Even if you have specialized webpage authoring software like Dreamweaver or Frontpage on your computer, know how to use it, and have FTP or other “uploading” access configured to a webserver– Getting content online with these “web 1.0” tools can be a needless hassle for many purposes compared to web 2.0 tools like wikis. I have been using a wiki since I started my new job in Oklahoma as the AT&T state education advocate in June, sharing all the workshop curriculum and seminar resources I’m creating with other teachers around Oklahoma and the planet. That website is http://teachdigital.pbwiki.com.
This evening I discovered a new website useful for creating web-based hotlists of Internet resources called Portaportal. Bob Sprankle has created a Portaportal site for web 2.0 workshop recently, which not only demonstrates the utility of this site but also shares some good links to educators using the read/write web.
Portals are getting increasingly common these days, especially for free webmail users. Yahoo’s personalized portal “My Yahoo” (my.yahoo.com) and Google’s Home Portal are both examples. Once you have registered with each site, you can create customized “channel content” with a layout you specify. There are canned layout elements as well as elements which can be completely customized. The idea of a “portal” is to create a customized user-interface with links and content you frequently want to see and utilize.
Portaportal looks interesting because it provides an attractive way to create organized categories of links to web resources. I still like using wikis like pbwiki and wikispaces, but Portaportal looks ideal for applications which are exclusively hotlists and don’t contain additional text or image content.
I suppose there are some people who might say, “Good grief, how many of these web 2.0 tools are we supposed to learn and know about?” The answer, of course, is that there is not a defined answer– but the more you are able to navigate and use web-based tools, the more relevant your digital skill-set will be today and in the future. I know several “dyed in the wool” Eudora users who are bound and determined to never switch their email interface. There is not anything wrong with that– but I do think that dynamic change will continue to define the future of computing and information exchange in general. Being able to utilize new and different tools is not just something fun to do as a teacher and a learner– it is actually an essential activity for developing the flexible digital literacy skills required by the information environment as well as the workforce of today and tomorrow.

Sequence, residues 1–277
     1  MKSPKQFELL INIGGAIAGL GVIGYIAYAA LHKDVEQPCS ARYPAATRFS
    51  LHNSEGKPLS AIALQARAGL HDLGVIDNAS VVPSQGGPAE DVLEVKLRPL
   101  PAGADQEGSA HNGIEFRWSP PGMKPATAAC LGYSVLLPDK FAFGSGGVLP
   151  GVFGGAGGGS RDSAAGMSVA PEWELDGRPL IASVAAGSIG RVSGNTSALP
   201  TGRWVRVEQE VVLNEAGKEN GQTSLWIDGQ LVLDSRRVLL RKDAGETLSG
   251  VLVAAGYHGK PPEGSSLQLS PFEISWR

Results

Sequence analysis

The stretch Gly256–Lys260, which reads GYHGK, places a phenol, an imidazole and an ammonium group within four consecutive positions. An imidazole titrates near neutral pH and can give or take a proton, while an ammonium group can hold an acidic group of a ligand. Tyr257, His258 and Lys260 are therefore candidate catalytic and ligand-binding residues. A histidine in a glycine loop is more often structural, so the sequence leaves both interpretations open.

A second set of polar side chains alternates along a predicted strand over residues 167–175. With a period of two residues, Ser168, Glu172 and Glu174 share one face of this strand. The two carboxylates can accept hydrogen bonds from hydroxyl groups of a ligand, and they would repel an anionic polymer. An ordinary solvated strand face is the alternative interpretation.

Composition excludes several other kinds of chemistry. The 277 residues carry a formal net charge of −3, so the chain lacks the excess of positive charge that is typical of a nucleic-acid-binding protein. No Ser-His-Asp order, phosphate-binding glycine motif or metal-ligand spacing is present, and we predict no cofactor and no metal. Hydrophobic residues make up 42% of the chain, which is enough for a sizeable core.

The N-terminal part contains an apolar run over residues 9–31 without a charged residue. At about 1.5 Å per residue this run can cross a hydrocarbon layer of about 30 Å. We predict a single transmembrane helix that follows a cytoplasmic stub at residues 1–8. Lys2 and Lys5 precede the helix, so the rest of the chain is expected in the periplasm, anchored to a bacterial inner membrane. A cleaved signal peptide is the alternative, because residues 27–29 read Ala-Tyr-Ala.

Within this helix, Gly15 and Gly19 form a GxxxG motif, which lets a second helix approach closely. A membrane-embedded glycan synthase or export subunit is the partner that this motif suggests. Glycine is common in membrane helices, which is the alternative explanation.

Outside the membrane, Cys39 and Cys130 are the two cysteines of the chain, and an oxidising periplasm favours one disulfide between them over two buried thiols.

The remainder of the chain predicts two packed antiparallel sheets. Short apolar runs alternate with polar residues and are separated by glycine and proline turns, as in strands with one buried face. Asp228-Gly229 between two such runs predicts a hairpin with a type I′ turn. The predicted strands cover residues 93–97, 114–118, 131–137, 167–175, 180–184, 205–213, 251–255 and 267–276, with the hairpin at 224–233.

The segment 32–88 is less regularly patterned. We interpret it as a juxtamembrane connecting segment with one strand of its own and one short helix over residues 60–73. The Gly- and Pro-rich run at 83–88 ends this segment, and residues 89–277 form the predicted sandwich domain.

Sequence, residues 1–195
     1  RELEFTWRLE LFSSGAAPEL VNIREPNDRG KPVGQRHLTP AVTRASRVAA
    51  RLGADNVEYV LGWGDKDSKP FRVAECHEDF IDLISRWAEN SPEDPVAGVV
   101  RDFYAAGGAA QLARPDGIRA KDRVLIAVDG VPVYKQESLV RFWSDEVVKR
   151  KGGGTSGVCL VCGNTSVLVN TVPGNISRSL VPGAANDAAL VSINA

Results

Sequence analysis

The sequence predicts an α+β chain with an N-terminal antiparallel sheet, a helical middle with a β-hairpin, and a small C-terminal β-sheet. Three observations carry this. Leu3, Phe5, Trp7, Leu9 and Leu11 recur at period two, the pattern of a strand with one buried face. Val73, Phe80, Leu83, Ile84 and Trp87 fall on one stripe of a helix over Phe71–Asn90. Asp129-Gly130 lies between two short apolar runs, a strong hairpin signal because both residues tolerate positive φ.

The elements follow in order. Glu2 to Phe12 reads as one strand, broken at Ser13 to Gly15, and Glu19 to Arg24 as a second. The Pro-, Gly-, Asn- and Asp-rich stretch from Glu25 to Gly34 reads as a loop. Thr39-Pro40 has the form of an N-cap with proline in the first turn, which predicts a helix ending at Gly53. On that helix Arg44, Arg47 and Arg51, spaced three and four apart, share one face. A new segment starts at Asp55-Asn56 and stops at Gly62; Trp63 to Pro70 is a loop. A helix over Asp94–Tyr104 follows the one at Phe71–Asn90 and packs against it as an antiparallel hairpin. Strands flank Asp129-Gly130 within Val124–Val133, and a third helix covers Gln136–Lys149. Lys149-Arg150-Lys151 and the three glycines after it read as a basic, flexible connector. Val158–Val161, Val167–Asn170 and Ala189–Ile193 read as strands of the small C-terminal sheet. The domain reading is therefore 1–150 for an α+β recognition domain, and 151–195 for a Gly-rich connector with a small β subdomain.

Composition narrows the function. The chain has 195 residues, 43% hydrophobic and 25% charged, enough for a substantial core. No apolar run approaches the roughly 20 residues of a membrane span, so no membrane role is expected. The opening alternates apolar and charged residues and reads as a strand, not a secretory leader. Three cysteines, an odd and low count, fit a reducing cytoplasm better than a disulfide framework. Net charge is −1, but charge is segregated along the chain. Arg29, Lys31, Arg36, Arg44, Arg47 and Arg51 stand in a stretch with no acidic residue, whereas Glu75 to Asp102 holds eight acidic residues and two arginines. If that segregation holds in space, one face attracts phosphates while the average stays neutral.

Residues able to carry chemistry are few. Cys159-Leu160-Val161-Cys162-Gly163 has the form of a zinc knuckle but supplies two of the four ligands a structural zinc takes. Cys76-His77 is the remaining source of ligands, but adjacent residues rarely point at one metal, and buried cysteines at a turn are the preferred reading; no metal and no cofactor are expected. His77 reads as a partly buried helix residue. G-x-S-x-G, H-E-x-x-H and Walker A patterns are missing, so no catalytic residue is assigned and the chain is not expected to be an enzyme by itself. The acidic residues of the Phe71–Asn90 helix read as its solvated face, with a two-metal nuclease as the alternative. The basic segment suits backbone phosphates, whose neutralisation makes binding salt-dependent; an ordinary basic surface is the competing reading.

If you enjoyed this post and found it useful, consider subscribing to Wes' free, weekly newsletter. Generally Wes shares a new edition on Monday mornings, and it includes a TIP, a TOOL, a TEXT (article to read) and a TUTORIAL video. You can also check out past editions of Wes' newsletter online free!
Did you know Wes has published several eBooks and "eBook singles?" 1 of them is available free! Check them out! Also visit Wes' subscription-based tutorial VIDEO library supporting technology integrating teachers worldwide! MORE WAYS TO LEARN WITH WES: Do you use a smartphone or tablet? Subscribe to Wes' free magazine "iReading" on Flipboard! Follow Dr. Wesley Fryer on Twitter (@wfryer), Facebook and Google+. Also "like" Wes' Facebook page for "Speed of Creativity Learning". Don't miss Wesley's latest technology integration project, "Show With Media: What Do You Want to CREATE Today?"
On this day..
- Applying STEM Skills with Robotic Sphero Balls (Donor's Choose Project) - 2014
- Teens use Facebook primarily for private purposes - 2010
- Different Purposes for Using of Digital Tools to Teach Literacy in the College Classroom by Richard Beach - 2010
- Social Media Counter updated for September 2010 - 2010
- Standalone WiFi Skype Phones and Rocket Scientists - 2009
- Critical for Ning site administrators to address spam - 2009
- Visual Tapestry - Flight - 2009
- Visually exploring earth with Panoramio - 2008
- Seeking the elusive "inbox zero" - 2007
- Universities banning Skype - 2006